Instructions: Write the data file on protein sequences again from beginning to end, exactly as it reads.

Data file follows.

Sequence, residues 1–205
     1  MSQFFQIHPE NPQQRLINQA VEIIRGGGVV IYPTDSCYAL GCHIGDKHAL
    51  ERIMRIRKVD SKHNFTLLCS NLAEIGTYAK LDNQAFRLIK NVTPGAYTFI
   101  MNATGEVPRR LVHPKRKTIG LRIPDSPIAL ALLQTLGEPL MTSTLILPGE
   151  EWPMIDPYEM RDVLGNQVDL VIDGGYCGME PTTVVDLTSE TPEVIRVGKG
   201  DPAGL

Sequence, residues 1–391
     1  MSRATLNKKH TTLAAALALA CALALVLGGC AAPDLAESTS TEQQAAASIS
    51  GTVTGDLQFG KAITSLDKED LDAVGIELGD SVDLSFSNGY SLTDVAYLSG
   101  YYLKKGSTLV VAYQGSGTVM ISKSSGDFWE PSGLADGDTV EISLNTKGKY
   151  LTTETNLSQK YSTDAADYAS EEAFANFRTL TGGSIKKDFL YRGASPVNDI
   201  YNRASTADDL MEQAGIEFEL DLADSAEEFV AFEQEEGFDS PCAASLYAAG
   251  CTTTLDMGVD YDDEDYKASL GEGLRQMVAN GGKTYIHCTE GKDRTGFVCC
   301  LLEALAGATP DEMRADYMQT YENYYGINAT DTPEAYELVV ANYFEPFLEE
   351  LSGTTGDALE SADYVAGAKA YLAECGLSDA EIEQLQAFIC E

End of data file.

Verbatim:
Sequence, residues 1–205
     1  MSQFFQIHPE NPQQRLINQA VEIIRGGGVV IYPTDSCYAL GCHIGDKHAL
    51  ERIMRIRKVD SKHNFTLLCS NLAEIGTYAK LDNQAFRLIK NVTPGAYTFI
   101  MNATGEVPRR LVHPKRKTIG LRIPDSPIAL ALLQTLGEPL MTSTLILPGE
   151  EWPMIDPYEM RDVLGNQVDL VIDGGYCGME PTTVVDLTSE TPEVIRVGKG
   201  DPAGL

Sequence, residues 1–391
     1  MSRATLNKKH TTLAAALALA CALALVLGGC AAPDLAESTS TEQQAAASIS
    51  GTVTGDLQFG KAITSLDKED LDAVGIELGD SVDLSFSNGY SLTDVAYLSG
   101  YYLKKGSTLV VAYQGSGTVM ISKSSGDFWE PSGLADGDTV EISLNTKGKY
   151  LTTETNLSQK YSTDAADYAS EEAFANFRTL TGGSIKKDFL YRGASPVNDI
   201  YNRASTADDL MEQAGIEFEL DLADSAEEFV AFEQEEGFDS PCAASLYAAG
   251  CTTTLDMGVD YDDEDYKASL GEGLRQMVAN GGKTYIHCTE GKDRTGFVCC
   301  LLEALAGATP DEMRADYMQT YENYYGINAT DTPEAYELVV ANYFEPFLEE
   351  LSGTTGDALE SADYVAGAKA YLAECGLSDA EIEQLQAFIC E